Grieving Dr. Rosalind Griffin

It’s not exactly the newest game in town, as the cognoscenti have long appreciated the fact that lawyers are subject to professional oversight and discipline, and there is no downside to making a complaint against a lawyer. Any flaming asshole can do it.  The worst that happens is you get a nice lawyerly letter telling you that you’re a moron.

But a doc who does medical exams for insurance companies, which are humorously called “I.M.E.s,” for “independent” medical exams because insurance companies have better lobbies than plaintiff’s lawyers, has decided to use the grievance process to go after Michigan lawyer Steven Gursten for outing her.  Via Turk:

Now comes before us today one Dr. Rosalind Griffin, a Michigan psychiatrist, with a different tactic: Filing a grievance against lawyer Steven Gursten for blogging about a medical-legal exam that she did on one of his clients.

Gursten was so ticked off at Dr. Griffin, that he wrote about her.

And what did Griffin do that so offended Gursten? Glad you asked.

Dr. Rosalind Griffin, as seen during her video testimony in this matter.

He presented evidence that Dr. Griffin — who he said is “a rather notorious IME doctor here in Michigan” — was less than candid in her assessment.

Gursten asserts that this evidence disproves the doctor’s claim that the client said during the exam that his condition was improving, that the client had minor medical conditions, and despite “a closed-head injury, traumatic brain injury, abnormal memory and concentration, PTSD and a badly fractured and collapsed T12 vertebral body, as well as fractures to his mouth, shoulder and knee” that the client’s chronic pain actually came from a 30-year-old whiplash that had been asymptomatic.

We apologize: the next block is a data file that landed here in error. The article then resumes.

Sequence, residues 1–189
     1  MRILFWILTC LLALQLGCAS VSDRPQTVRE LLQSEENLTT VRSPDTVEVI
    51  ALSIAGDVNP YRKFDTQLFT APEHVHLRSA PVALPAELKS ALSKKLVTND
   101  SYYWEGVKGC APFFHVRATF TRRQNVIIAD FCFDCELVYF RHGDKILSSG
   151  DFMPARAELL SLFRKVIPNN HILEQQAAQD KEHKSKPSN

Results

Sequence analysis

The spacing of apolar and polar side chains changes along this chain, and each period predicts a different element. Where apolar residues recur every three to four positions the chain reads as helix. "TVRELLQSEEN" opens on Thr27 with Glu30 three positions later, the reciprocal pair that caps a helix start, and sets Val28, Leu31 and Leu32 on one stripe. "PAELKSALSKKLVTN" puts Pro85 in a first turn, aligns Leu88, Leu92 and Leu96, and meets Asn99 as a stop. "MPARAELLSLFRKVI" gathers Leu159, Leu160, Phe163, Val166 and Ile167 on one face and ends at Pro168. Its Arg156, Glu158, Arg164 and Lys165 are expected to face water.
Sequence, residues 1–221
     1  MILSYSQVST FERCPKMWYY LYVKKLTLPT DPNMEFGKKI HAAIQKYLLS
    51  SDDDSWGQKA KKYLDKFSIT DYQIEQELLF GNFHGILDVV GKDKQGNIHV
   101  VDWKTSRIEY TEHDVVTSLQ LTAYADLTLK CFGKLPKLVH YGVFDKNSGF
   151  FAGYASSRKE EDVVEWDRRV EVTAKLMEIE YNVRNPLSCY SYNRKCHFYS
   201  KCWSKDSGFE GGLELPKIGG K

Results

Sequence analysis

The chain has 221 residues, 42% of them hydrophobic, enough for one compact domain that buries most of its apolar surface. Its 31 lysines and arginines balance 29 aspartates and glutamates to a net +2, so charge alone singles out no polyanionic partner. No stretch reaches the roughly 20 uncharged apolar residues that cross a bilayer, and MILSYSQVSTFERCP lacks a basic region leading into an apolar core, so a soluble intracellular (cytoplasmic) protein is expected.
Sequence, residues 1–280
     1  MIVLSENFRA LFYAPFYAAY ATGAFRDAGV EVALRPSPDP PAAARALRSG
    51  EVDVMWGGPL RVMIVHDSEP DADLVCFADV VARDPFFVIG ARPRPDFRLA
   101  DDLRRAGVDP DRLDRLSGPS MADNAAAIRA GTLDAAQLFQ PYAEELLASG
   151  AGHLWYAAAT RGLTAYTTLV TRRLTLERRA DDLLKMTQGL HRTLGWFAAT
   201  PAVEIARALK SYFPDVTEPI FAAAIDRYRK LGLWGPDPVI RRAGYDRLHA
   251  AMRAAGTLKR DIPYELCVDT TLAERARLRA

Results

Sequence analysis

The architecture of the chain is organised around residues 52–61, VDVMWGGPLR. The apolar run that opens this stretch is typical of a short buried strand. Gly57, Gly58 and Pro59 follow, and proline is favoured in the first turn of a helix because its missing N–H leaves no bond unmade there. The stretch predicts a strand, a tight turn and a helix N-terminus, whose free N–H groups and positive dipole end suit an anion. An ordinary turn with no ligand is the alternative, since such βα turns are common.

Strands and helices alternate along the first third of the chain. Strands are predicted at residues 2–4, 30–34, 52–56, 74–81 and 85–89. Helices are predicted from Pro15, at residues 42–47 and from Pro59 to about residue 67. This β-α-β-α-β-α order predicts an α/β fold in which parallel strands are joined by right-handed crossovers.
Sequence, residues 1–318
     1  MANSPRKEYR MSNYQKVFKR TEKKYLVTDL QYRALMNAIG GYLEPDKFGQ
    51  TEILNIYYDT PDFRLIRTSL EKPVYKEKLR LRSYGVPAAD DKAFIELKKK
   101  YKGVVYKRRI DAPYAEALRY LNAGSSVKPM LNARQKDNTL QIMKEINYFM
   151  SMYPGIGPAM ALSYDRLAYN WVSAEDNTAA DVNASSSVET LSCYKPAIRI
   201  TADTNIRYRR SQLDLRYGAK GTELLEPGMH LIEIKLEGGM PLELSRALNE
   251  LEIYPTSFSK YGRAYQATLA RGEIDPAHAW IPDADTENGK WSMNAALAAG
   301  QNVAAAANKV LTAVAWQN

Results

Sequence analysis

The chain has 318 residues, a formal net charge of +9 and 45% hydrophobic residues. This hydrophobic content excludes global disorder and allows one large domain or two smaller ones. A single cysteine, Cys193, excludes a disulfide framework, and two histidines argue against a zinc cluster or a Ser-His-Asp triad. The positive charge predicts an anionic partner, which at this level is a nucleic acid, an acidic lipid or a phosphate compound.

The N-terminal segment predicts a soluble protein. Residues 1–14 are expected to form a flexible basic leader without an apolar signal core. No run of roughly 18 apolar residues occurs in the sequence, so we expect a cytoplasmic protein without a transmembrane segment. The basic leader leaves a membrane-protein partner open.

Just a disagreement? Just the defendant’s view (because it’s anything but independent) versus the plaintiff’s?

“[A]ccording to his own statement he feels less depressed and is making progress.” (IME Report, Page 8)  “Q. What’s a good day for you? A. I don’t know. I haven’t had one lately. … I just have a profound sadness … Q. Do you think you’re depressed, sir? A. I do. … Q. Have you been tearful? A. Oh, yeah. I cry at the drop of a hat sometimes.”  (Fairley Dep., Page 58 (lines 1-2, 7), Page 61 (lines 13-14), Page 62 (lines 4-5))

That doesn’t look particularly kosher. As Paul Alan Levy at Public Citizen suggests, it really wouldn’t make for a good defamation suit under the circumstances.

Griffin’s complaint amounts to a lightweight defamation claim (lightweight because most of the quoted words are either not actually about Griffin or are opinion rather than facts, because Griffin does not spell out any other allegedly defamatory words as Michigan law would require, and because she says nothing about knowledge of falsity or reckless disregard of probable falsity).

It is therefore not surprising that Griffin did not file a defamation claim within the one-year statute of limitations.  Instead, six days after the statute expired, she chose to file this bare-bones grievance complaint, hoping that paid grievance staff will conduct an investigation for her, and force Gursten to spend his time and money responding to questions from public officials about his opinions about whether and how justice is afforded to accident victims and specifically how Griffin has or has not testified unfairly or unjustly.

If you can’t prevail in a defamation claim because it’s, well, true, there is always the backdoor of trying to make it too much of a hassle for a lawyer to out someone by filing a grievance instead. See how that works?  And it’s a thing now.

But if the lawyer disciplinary process seems like easy pickin’s to silence blawgers, the flip side is that we’re not particularly inclined to run scared, and we have this tendency not to take kindly to being extorted through the use of the grievance procedure to shut us up.